Though I lead retreats regularly, I rarely get to attend one as a retreatant. Every year the Badger pays for me to go with him to his church parish weekend, and that’s usually the sum total. But last year I went to a retreat at Penhurst, exploring prayer and writing.
This morning, sorting through my belongings on the usual hunt for things to chuck out, I came upon two journals – one a bullet journal I started, the other meant to be a kind of thinking journal or something. Anyway, journals aren’t really me, I’m no Thomas Merton; and, though I gave bullet journaling a good go, I still prefer keeping my diary in my computer. It has the added advantage that when people ask me to do things I have to say, “I don’t know. Can I tell you later?”
But I’ll keep the journals until they’re full, using them to make notes on things. I like reporters notebooks best, but the journals will do until they’re used up.
Anyway, at this retreat I went to, I took one of these journals along, and we had to do a couple of writing exercises – which I wrote down in the journal I came across today.
The first one was that we had to write our own version of the Beatitudes. Obviously upstaging Jesus is a dubious endeavor, but at least it makes him laugh. Here was mine.
BEATITUDES OF SIMPLICITY, SILENCE & SOLITUDE
How blessed are they who live simply,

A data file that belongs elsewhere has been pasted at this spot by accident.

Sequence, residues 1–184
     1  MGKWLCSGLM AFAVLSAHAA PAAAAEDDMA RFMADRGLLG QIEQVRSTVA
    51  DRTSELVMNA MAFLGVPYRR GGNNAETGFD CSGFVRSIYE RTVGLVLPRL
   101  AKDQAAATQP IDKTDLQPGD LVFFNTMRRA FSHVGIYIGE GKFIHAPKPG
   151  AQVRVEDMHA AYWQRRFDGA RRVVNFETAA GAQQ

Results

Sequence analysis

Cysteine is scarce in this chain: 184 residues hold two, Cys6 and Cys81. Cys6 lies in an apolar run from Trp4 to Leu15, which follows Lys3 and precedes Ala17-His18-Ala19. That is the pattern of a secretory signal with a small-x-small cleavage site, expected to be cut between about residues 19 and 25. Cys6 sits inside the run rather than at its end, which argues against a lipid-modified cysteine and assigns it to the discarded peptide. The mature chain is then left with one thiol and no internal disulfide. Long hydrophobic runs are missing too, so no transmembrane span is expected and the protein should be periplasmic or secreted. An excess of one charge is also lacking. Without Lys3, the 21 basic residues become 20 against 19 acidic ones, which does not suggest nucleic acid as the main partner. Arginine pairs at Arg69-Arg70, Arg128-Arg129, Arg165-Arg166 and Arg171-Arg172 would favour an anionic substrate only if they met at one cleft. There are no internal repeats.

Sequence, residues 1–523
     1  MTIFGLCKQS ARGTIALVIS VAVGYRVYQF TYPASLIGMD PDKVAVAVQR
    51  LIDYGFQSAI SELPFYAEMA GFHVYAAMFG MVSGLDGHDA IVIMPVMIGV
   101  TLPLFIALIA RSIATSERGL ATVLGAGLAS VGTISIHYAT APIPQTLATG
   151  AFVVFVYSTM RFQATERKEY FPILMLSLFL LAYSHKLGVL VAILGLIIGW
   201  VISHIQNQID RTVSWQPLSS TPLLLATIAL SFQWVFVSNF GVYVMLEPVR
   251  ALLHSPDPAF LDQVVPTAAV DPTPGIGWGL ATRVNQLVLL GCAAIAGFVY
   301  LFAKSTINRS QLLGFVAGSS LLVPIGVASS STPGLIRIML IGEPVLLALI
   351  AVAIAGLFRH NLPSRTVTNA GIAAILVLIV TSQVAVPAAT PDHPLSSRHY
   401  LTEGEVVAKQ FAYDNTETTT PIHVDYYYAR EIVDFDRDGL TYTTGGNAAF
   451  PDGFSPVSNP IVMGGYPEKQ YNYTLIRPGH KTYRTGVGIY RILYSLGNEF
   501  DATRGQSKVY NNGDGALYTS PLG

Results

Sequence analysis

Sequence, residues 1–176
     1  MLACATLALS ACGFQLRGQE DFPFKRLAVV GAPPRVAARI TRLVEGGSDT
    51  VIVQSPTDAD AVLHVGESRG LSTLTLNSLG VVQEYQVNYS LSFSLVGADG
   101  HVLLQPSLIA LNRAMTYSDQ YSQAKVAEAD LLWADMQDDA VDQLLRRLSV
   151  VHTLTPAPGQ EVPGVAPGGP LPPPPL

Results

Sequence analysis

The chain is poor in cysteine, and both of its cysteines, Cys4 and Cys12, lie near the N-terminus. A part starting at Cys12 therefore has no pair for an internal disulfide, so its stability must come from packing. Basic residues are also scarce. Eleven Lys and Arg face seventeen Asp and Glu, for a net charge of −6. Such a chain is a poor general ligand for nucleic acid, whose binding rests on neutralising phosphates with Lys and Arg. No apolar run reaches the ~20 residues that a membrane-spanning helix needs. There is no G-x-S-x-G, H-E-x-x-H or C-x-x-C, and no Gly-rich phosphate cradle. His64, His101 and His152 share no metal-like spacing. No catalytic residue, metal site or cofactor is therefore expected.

For status, power and wealth are burdensome,
Clutter is time-consuming, and in complication is infinite weariness.
How blessed are the frugal,
For they can afford to be generous, they are not demanding,
And they sidestep the demon of worry.
How blessed are they who can let go,
For they walk free from the encumbering of possessions,
Their daily routines are peaceful, and they give other people space.
How blessed are they who speak softly,
Not an annoying mumble I mean, but without stridency or aggression –
For they can be heard better than those who harshly insist.
How blessed are they who move quietly,
Mindful of how they walk, handle objects, close doors and blow their noses –
For they are very nice to live with.
How blessed are they who spend long hours in silence,
For silence fosters the living Word,
In silence the Word matures – silence offers space to think again.
How blessed are they who are content in their own company,
For they are restful to those they encounter.
How blessed are they who accept the essential solitude of every human being,
For they make peace with the grief of exile,
The existential loneliness of the human condition.
How blessed are they who do not seek attention,
Who pass through life as unobtrusively as moving light.